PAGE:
That’s what a lot of books for kids boil down to: Just “Oh God; Middle school”. And for good reason. I didn’t go to middle school – in my city, elementary school was K-8 and then it was high school that hit you like a hydrogen bomb (although you may, questionably, at least have had a few more years of ‘maturity’ to help you deal with it by then) – but it’s still all the same principle. You’re going along, living your regular kid life, hanging out with all your regular friends and doing all the things you’ve always done, and then BAM things change. And change, as so often is the case, is unwelcome and confusing, and overwhelming.
Such is the case for The Fourteenth Goldfish‘s 11-year-old Ellie, whose introduction to middle school is leaving a lot to be desired. Her best friend has joined the volleyball team, and, while they’re still friendly, they’re no longer in each others pockets all the time, and that’s weird. Her long-time babysitter is leaving her for a job piercing ears at the mall – also weird. And one day, her mother brings her grandfather home to live with them, only her grandfather’s going through some pretty big life changes of his own, what with discovering a way to reverse the aging process and somehow winding up as a teenager himself again. Weirdest of all.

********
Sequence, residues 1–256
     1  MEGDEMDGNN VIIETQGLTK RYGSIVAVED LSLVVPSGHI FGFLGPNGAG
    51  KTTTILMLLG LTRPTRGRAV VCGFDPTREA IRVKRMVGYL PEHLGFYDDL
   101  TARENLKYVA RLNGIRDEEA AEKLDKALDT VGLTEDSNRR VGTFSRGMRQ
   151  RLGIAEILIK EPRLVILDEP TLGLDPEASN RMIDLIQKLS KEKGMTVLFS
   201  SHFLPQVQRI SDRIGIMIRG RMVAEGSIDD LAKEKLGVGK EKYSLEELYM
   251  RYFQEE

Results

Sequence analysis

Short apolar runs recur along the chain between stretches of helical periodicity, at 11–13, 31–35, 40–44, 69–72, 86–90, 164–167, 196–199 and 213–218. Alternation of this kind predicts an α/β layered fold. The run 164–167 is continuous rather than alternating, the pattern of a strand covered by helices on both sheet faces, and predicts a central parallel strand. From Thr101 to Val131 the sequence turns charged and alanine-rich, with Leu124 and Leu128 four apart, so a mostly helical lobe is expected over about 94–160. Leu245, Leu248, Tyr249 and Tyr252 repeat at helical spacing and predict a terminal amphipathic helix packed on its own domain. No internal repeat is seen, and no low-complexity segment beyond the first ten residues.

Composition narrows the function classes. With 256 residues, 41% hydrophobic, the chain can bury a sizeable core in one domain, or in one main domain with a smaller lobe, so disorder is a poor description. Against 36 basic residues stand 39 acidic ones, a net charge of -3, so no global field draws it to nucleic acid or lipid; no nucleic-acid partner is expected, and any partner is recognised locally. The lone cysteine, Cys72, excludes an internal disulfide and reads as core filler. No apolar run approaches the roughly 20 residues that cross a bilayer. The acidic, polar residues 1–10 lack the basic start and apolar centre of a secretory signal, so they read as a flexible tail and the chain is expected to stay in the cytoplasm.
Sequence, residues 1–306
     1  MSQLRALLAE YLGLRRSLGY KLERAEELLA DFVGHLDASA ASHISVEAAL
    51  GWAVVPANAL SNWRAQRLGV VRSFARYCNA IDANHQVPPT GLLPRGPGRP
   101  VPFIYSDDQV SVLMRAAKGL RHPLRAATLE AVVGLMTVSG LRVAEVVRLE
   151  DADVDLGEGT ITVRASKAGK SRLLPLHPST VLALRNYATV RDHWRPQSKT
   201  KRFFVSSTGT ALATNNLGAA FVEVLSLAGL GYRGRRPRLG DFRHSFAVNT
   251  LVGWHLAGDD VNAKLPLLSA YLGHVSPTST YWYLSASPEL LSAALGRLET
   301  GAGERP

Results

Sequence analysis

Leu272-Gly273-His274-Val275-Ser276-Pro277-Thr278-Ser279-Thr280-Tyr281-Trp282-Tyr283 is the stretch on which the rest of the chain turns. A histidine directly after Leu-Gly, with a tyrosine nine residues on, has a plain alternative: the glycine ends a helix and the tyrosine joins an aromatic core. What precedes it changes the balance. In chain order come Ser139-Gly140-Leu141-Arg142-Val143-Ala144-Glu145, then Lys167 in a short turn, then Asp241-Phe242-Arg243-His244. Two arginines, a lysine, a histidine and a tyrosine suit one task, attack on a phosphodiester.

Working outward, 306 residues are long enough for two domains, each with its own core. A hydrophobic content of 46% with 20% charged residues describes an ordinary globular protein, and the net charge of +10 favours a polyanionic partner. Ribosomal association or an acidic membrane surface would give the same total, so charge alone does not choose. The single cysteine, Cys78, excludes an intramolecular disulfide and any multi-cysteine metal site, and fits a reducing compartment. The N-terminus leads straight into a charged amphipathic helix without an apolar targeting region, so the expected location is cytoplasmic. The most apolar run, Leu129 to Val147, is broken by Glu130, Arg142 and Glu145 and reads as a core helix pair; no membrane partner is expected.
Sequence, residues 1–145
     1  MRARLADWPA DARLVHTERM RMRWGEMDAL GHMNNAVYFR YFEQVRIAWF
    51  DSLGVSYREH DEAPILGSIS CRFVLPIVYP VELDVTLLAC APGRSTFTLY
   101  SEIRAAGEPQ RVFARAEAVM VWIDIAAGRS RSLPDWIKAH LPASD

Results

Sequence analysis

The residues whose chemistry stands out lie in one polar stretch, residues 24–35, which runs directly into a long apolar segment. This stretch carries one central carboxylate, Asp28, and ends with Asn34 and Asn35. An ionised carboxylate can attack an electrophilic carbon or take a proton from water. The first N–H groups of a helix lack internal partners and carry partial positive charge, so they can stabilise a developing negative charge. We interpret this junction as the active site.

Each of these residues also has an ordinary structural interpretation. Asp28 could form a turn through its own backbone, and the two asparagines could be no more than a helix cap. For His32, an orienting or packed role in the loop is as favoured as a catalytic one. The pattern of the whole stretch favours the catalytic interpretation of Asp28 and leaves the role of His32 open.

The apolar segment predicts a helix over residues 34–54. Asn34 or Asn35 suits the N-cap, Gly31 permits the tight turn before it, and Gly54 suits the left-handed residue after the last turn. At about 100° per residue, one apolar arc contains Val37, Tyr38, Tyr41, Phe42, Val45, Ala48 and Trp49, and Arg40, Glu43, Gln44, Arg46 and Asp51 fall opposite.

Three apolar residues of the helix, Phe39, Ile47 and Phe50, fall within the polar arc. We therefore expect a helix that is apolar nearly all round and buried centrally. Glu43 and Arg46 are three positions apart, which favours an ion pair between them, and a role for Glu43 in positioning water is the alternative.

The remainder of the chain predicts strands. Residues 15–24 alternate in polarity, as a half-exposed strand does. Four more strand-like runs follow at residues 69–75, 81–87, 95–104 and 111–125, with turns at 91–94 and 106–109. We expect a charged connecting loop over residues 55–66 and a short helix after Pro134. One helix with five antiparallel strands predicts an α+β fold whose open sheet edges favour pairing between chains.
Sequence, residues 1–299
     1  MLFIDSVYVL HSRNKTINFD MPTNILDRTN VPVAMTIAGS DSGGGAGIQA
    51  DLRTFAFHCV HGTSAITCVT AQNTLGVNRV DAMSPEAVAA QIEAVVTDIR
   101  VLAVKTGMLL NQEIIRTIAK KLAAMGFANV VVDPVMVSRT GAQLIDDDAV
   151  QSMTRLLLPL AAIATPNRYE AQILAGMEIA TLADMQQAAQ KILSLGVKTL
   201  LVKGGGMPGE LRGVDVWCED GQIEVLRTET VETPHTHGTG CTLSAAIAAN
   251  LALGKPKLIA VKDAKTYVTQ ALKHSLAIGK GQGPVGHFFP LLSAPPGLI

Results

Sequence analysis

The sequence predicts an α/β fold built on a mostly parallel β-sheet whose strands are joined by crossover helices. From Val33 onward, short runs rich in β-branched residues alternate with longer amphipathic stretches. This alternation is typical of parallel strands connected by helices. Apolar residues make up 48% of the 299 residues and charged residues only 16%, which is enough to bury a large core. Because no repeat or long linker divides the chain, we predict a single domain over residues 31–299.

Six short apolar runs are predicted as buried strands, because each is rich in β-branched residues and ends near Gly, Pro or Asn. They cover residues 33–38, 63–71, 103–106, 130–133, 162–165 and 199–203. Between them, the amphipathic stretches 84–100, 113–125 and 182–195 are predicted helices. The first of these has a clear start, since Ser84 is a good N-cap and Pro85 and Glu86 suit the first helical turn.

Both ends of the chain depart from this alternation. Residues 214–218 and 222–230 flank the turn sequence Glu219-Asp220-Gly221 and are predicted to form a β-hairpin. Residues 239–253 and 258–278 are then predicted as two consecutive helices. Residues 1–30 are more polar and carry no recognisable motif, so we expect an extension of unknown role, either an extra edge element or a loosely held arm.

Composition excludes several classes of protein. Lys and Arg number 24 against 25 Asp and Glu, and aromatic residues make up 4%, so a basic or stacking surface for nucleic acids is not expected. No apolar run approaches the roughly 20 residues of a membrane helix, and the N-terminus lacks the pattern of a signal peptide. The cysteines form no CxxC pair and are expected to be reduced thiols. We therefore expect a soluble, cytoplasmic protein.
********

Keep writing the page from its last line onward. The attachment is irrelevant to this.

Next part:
This is a book recommended for ages 8-12, so it’s a relatively simple read – there’s a lot going on, but none of it is too complicated, and author Jennifer Holm (of Babymouse fame) does a great job of explaining things just enough without hitting you over the head with them. It’s a quick read, with interesting characters – aside from Melvin (the grandfather), there’s also Ellie’s parents (who are happily divorced, a nice off-trope departure there), the ex-best friend, and some new friends they meet along the way. But the story is mostly Ellie’s.
Over the course of the story, she learns a lot about her family, about the past, about herself, and about science – How science is part measurement, and part magic; part possibilities and part paying dues; part cycles and part consequences (mostly unforeseeable, often unintended). Just like growing up.
And I love, love, love how Holm nurtured Ellie’s scientific curiosity, how she made looking at mold under the microscope an activity to be envied, how she showed (over and over again) that science is more than just a collection of boring facts and useless historical figures, that it’s in everything we do, every day. That it’s a living thing that we should be learning about and excited about, and interested in. There’s a lot of talk about encouraging girls to enter STEM fields, so it’s nice to see a book where it’s just a regular extension of the character – that Ellie likes science, is interested in it, wants to know more about it, is important and real, and valuable, I think beyond just the context of this story.
This one goes on the keeper shelf for my niece, when middle school starts creeping up on her. (Which, thankfully, is still some years away.)